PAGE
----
Philip Ridley’s shattering drama returns to London after its original critically acclaimed run at the Soho Theatre. Guillermo Nazara shares his thoughts on this new production playing at the Park Theatre before embarking on its first tour, to let us know more about this cracked picture of a loving family.
“The bond that links your true family is not one of blood, but of respect and joy in each other’s life”. Funnily enough, we don’t listen to such wisdom too often. We break connections with those who care, and stay close to those who hurt us just because that’s how it’s supposed to be – following the rules that others have made for our own paths.
It’s no surprise that Ridley’s writing has made a comeback to the London scene. It has everything a refined audience should be looking for: insight, dare and the crude bluntness stemming from one’s personal truth. Leaves of Glass is unapologetic in its narrative – misleading but direct, convoluted but logical in its own way. And it has every reason to be so. It doesn’t feed from experience, it doesn’t imitate life – it’s actually an extension of them.
Set it in current East London, the play revolves around Steve – a young successful entrepreneur, who’s always endeavored to do the right thing. It appears to have paid off, after all: he runs a successful business, owns a lovely home and is married to an expecting wife. But no matter how elaborate the disguise is, reality manages to pull the mask off and reveal the bold ugliness of a distorted past… and present.
Directed by Philip Ridley, the text’s inherent authenticity is enhanced by the sense of intimacy given by his approach. Featuring minimalist yet extremely suggestive staging (credit to Kit Hinchcliff), the production boosts the script’s ability to create a bystander vibe – constantly encouraging the feeling that we are witnesses for an actual testimony of broken memories and situations.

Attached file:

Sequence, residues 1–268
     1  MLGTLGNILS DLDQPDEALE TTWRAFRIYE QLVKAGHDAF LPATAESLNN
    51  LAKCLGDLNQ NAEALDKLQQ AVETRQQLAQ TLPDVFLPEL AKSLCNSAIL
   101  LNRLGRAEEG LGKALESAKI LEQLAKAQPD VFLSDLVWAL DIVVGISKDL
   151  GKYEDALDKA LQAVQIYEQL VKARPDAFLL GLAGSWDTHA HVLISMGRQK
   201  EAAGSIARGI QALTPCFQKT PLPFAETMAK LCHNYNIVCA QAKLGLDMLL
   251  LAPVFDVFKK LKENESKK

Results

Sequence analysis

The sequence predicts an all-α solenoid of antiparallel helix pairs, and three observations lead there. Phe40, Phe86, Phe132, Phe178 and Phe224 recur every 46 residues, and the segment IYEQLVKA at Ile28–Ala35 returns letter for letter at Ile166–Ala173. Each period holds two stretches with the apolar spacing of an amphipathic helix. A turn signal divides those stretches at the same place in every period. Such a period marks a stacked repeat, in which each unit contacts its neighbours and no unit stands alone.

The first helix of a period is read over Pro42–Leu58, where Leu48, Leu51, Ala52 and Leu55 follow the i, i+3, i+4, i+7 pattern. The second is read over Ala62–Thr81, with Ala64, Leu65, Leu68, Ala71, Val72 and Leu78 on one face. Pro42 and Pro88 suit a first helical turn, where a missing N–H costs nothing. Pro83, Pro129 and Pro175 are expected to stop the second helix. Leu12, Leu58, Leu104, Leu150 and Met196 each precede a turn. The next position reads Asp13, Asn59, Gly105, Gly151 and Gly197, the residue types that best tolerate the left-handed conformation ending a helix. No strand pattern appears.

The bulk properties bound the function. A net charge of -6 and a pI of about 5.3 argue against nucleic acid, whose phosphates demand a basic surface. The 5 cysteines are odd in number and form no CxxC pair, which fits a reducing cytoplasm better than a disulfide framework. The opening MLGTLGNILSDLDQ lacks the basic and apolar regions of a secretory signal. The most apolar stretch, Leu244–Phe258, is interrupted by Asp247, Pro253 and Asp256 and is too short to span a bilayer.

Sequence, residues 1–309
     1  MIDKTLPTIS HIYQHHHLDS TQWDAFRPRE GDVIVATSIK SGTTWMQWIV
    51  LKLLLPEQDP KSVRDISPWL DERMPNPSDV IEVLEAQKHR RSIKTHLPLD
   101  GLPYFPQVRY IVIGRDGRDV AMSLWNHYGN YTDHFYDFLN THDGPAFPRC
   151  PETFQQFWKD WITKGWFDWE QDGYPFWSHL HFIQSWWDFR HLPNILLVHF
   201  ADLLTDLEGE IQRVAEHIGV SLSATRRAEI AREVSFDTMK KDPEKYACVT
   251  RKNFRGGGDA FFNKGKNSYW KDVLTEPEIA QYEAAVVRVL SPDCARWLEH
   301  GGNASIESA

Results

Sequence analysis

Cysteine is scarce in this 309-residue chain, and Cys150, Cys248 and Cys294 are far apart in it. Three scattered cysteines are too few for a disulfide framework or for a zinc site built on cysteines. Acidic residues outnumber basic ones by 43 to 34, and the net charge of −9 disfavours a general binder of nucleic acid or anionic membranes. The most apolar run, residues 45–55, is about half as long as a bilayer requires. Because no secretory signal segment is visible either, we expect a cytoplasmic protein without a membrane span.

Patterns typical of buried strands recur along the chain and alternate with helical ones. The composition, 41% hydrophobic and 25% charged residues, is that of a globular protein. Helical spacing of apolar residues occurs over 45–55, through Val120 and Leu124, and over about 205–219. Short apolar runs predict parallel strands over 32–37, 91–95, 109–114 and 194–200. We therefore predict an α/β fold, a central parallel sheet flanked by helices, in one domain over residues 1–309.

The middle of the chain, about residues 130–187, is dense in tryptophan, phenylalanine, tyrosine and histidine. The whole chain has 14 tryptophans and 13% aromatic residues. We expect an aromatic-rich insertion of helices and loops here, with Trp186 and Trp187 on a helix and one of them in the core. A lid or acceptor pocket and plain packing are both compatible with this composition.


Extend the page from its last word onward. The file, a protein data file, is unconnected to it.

Such level of veracity is topped off by its cast’s lusciously unsparing take on their roles. Starring Ned Costello as Steve, his subtle though honest performance achieves both high realism and almost instant sympathy from the audience, constructing a part filled with so many flaws that is actually perfect. On the other side, Joseph Potter shows off, once again, his great skills as a character actor, playing Steve’s unstable (though incredibly rational) brother in a more subtle (though still incredibly engaging) manner in comparison to his previous work. On the other hand, both Katie Bulcholz and Kacey Ainsworth give a pivotal rendition as the toxic wife and mother, respectively – both providing their renditions with frankness and the necessary rankness their characters are all about.
Slightly innovative in its recount and featuring an overall nice, correct pacing, Leaves of Glass starts the almost-summer season with an iron clutch – bringing an engaging and surprisingly much relatable account that deeply explores the common weaknesses of human condition. Able to touch our emotions through, however, its analytical power, the play proves, to great extent, that a true moving story does not rely on unrestrained drama, but on unrestrained truth.
All pictures credit to Mark Senior.
Leaves of Glass plays at London’s Park Theatre until 3 June. Tickets are available on the following link.